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Saturday, April 07, 2007

Cities, Bikes, & the Future

I live in the heart of a major Spanish city with a population of something like 800,000. If I had to be specific I would say that my apartment is closer to the northeast side of Valencia, yet it takes me less than ten minutes to pedal to the southwest side of the city when I ride to the Albufera nature reserve. There are no suburbs amended to Spanish cities. The change from city to country is rather abrupt. You go from eight story apartment buildings to open fields. The population density of the city means that this many people take up very little room when compared to cities with a lot of single family homes. Many American cities with one tenth the population of Valencia cover a land area ten times larger.

The dense urban climate is more suitable to my tastes; it’s much like where I lived in Seattle. I love the fact that I can get on my bike, follow the bike path down to the Turia Gardens park, take that bike path to the other end of the Ciencias complex, get on yet another bike path, and I’m out of the city limits, as I said, all in about ten minutes.

It is Semana Santa so everyone else in Valencia is trying to get out of town, but most of them in automobiles. I was able to make better time on my bike yesterday than all of those people stuck in traffic on the southern flank of the city. The weather has been a little less than ideal so there wasn’t the usual horde of cyclists along this route. I was going to say that the new bike trail is complete but it is an ongoing project with a lot still in the works. I can say that the new bike bridge is complete, and a whole new section is now open that used to be one of the more perilous parts of my route south to the Albufera.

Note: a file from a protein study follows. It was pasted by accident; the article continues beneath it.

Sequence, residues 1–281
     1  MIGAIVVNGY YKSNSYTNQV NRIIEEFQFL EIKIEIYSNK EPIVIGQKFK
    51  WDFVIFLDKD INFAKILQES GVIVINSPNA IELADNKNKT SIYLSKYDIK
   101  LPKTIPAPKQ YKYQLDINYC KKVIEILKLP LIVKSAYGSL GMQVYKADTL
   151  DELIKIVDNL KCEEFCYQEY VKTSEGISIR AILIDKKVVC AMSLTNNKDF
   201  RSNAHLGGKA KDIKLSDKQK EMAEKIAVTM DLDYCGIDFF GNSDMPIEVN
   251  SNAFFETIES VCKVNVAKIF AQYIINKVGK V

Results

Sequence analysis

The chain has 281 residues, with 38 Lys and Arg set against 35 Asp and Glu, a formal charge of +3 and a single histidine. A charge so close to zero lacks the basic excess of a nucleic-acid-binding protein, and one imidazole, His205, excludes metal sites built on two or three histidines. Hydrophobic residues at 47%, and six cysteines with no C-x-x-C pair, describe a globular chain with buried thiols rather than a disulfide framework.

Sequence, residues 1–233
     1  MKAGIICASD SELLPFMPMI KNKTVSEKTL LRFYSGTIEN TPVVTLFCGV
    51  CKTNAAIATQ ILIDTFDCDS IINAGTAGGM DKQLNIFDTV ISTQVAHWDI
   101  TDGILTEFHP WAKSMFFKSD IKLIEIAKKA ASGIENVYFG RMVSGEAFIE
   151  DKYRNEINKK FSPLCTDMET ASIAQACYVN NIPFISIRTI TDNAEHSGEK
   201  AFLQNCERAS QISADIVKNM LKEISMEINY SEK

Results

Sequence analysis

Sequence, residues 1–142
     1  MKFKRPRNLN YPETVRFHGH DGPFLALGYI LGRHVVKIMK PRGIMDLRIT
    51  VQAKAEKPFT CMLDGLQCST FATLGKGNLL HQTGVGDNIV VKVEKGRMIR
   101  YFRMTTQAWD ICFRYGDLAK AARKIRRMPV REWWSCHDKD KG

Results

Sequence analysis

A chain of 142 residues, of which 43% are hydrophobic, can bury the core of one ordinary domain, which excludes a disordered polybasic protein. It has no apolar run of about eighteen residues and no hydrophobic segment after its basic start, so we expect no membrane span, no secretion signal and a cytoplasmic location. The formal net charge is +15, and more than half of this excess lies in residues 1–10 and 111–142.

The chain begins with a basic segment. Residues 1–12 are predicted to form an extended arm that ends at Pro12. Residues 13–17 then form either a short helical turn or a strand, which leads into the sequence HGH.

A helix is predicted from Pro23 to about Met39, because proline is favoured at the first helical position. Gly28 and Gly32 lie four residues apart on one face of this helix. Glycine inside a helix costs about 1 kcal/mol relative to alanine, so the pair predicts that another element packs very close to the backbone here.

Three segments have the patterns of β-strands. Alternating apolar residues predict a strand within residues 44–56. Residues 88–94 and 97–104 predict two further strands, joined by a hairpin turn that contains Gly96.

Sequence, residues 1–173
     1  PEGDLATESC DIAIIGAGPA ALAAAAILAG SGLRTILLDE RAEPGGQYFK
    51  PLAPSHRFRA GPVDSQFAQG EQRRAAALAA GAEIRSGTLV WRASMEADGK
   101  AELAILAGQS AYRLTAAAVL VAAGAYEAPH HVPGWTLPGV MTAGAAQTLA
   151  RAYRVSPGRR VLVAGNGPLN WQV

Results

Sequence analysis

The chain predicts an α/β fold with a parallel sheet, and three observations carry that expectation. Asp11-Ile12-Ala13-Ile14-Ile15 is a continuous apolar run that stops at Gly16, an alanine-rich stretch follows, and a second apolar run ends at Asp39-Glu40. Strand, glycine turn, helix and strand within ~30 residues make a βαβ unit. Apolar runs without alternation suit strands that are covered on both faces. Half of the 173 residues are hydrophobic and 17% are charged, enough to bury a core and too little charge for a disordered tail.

Bikes are very popular here but not as popular as they are in Amsterdam, Copenhagen, Zurich, or even Barcelona, not yet, anyway. It is obvious that Valencia is rapidly making room for bicycles in their future. There is no down side to bicycles. They are clean, efficient, safe, and promote fitness. Not including bikes in your urban transportation model is not just short-sighted, it’s incredibly irresponsible.

Valencia and other metro areas in the province have begun a new program that is popular in other European cities. Bicycles are provided for commuters at kiosks around the city. They are not up-and-running yet here, but from what I have read about them you will be issued an identity card like at the library which will allow you to borrow a bicycle from a station and then return it at another station. So you can get off a bus or train, or park your car in a lot, and then complete your commute on a bike. It is a fairly simple an inexpensive solution to at least a fraction of the transportation problem all cities face.
The density of urban areas like Valencia make bicycle commuting extremely attractive because the distances to travel are fairly modest—even from one end of the city to the other. I couldn’t imagine traveling by automobile in Valencia. I would lose my mind trying to find a parking spot. Lots of people do rely on cars to get around here, but bikes are starting to get folded into the transportation mix. You can tell that bikes are relatively new because they are used mostly by younger people. In Amsterdam you see people of all ages pedaling around town and they all look good doing it.

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